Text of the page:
On the theme of Social Capital and Social Connectedness for Resilience, the committee identified three topics as being particularly important for natural hazard mitigation and resilience: (1) inspiring communities to create and sustain social capital and connectedness, (2)
bolstering community-created digital and public spaces, and (3) building social capital through financial investment strategies.
On the first topic, more research is needed on how social capital and connectedness not only enhance resilience but how communities create and sustain them. Multiple stakeholders need to better understand these processes, from micro-communities to national governments and
international organizations, as well as communities of varying sizes and geographic locations. Efforts to build social capital and connectedness often result in co-benefits, which is also a current research gap.
On the second topic, digital and public spaces have become increasingly powerful tools in creating and sustaining social capital and connectedness. By enabling people to connect and self-organize before, during, and after disasters, these spaces serve as a means of
communication, motivation, and organization, with consequences for trust, relationships, and action. Studying how different groups use different spaces and platforms for connecting, communicating, and motivating can inform decisions and policies that build capacity for resilience. Applied research on these spaces is significant because investments in these tools can produce substantially greater returns, relative to their cost, than money spent on big ticket, nonsocial physical infrastructure.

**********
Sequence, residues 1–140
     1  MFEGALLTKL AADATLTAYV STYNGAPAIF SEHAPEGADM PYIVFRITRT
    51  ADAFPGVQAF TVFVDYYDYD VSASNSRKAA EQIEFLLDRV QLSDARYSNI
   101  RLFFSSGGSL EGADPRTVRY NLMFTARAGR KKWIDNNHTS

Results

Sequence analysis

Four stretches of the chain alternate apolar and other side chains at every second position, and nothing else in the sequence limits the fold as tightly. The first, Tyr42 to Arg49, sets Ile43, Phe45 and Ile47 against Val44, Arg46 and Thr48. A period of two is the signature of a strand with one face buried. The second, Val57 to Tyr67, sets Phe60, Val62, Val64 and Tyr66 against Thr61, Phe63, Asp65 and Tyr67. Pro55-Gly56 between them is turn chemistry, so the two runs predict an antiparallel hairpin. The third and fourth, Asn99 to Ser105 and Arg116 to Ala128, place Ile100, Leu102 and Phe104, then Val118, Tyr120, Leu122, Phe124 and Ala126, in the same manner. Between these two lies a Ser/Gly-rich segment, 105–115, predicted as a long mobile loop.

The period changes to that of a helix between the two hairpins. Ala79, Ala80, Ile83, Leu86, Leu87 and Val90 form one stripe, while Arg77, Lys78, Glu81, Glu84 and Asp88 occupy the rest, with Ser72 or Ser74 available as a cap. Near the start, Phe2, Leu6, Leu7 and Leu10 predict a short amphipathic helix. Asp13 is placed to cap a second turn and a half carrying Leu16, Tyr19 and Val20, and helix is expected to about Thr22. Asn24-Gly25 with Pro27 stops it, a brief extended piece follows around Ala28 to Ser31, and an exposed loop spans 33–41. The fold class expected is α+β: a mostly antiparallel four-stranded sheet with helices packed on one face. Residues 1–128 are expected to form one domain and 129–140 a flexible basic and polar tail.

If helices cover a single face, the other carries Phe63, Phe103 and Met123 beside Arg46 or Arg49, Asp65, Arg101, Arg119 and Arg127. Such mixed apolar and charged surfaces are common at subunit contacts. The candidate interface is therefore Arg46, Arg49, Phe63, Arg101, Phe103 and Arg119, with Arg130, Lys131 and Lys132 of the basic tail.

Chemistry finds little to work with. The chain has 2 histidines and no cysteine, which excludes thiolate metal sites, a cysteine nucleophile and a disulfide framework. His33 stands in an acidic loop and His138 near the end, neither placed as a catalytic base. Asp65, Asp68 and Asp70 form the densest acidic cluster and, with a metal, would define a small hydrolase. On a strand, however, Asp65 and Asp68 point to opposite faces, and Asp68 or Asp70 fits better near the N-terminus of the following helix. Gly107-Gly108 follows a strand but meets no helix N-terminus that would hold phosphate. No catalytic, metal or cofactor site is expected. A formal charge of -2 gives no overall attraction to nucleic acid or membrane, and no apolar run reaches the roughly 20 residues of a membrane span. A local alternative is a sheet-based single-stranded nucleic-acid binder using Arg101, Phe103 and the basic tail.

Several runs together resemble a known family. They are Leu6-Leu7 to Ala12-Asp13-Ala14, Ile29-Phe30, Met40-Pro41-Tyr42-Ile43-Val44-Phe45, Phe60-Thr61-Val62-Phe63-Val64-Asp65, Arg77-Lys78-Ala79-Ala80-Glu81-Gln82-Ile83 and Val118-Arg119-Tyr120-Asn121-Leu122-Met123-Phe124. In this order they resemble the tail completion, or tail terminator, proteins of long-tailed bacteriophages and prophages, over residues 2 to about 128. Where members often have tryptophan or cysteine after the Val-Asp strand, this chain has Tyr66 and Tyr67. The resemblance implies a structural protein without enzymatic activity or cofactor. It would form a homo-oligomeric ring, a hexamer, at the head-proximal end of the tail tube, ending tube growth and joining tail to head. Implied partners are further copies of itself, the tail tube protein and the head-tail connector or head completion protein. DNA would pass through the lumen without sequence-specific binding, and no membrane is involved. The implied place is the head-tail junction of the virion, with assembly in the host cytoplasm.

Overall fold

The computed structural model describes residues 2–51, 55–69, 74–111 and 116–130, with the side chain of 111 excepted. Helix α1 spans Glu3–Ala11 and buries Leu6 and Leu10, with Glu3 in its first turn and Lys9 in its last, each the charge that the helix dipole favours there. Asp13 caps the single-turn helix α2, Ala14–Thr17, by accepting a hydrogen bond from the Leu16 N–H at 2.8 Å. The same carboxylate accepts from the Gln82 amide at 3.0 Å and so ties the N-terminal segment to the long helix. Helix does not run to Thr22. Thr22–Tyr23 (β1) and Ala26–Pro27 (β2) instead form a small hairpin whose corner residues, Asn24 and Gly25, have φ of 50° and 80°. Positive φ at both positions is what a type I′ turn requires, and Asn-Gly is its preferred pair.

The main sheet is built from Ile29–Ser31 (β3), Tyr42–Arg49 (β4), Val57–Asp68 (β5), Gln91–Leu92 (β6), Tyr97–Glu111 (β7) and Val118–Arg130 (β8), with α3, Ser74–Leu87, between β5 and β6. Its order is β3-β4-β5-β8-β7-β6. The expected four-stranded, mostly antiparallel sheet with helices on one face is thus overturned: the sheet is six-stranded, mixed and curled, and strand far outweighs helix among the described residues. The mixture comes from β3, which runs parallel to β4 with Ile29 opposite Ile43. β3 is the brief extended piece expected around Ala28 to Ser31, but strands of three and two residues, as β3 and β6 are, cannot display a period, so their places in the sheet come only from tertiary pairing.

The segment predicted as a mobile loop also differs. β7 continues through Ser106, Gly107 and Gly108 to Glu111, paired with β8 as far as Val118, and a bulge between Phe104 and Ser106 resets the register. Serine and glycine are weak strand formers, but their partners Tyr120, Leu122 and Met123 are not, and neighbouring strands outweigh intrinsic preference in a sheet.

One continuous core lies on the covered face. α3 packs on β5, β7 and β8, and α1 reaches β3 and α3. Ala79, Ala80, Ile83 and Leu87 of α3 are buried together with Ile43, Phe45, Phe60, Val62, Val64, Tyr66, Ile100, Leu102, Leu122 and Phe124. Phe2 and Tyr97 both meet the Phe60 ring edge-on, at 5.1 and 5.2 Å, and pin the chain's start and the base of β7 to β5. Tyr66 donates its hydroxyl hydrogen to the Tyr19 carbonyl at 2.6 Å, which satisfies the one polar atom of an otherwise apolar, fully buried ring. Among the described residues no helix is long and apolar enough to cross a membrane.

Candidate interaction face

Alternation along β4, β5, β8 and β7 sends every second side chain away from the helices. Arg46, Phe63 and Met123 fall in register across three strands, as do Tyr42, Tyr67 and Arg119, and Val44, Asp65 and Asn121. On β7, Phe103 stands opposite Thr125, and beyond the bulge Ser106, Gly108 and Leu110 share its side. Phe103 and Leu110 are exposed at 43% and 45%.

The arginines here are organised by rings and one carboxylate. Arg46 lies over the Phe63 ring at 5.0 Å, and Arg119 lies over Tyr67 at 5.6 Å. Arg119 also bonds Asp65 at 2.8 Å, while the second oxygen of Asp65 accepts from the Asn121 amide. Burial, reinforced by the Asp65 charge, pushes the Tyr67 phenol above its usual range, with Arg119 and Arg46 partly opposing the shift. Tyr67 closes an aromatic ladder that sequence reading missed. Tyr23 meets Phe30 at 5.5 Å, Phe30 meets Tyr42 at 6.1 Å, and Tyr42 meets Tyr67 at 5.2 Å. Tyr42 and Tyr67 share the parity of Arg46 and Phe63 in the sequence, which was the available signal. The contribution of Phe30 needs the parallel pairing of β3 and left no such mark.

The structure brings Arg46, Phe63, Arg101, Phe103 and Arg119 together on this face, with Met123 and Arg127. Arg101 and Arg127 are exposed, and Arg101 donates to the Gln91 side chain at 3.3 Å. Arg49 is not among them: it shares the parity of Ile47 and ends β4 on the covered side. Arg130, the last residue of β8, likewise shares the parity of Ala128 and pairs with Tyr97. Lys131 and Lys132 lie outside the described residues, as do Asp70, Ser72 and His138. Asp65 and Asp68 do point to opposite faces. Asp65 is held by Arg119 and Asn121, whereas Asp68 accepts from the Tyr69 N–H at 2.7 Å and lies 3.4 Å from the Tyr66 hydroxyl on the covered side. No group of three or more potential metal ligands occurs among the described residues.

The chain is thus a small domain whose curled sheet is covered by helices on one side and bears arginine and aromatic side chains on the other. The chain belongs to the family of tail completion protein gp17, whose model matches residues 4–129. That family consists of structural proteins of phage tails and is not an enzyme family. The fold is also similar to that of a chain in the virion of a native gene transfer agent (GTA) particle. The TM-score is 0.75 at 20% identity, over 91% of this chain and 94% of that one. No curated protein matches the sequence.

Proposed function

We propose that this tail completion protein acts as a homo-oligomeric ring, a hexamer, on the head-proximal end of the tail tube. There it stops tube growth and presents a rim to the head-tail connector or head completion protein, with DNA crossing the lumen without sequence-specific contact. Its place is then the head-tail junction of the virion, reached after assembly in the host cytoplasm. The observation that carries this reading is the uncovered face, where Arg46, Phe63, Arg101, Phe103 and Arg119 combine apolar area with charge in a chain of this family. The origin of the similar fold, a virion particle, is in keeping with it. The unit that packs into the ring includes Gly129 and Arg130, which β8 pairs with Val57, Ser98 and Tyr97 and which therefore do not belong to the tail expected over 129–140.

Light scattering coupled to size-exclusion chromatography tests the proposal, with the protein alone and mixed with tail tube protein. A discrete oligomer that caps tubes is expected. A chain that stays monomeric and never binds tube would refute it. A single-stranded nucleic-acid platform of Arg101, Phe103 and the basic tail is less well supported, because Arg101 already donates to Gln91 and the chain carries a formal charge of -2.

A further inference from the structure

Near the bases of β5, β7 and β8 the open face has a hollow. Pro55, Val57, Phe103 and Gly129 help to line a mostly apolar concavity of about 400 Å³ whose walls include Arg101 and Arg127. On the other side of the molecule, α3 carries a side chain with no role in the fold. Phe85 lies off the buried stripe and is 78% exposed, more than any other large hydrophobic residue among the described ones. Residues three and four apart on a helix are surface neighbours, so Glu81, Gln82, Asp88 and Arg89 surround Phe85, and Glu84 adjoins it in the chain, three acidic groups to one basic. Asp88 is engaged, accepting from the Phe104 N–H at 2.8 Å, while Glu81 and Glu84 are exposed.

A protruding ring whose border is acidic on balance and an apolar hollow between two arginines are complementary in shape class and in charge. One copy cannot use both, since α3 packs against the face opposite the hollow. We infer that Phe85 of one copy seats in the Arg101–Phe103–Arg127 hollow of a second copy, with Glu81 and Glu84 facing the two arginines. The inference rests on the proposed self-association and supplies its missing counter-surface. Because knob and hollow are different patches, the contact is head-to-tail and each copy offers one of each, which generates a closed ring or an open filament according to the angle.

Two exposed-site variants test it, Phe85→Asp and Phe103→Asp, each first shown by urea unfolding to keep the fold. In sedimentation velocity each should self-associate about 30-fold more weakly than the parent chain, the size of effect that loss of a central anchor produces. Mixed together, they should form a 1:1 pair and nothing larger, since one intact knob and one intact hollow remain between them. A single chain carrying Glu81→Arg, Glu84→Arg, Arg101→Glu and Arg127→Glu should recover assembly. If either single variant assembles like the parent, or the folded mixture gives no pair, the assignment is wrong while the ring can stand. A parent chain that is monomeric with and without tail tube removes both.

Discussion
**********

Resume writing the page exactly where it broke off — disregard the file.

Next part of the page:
Finally, on the third topic, despite the importance of social capital and connectedness and in evaluating risks and resilience, financial organizations that use such evaluations to invest in mitigation and resilience rarely consider these factors. Metrics are needed to account for the
impacts of social capital and connectedness in ways that are compatible with the other tools used to make these decisions. By adopting a more inclusive and quantitative way of looking at the risks of loss, investment organizations can build resilience using a broader range of information.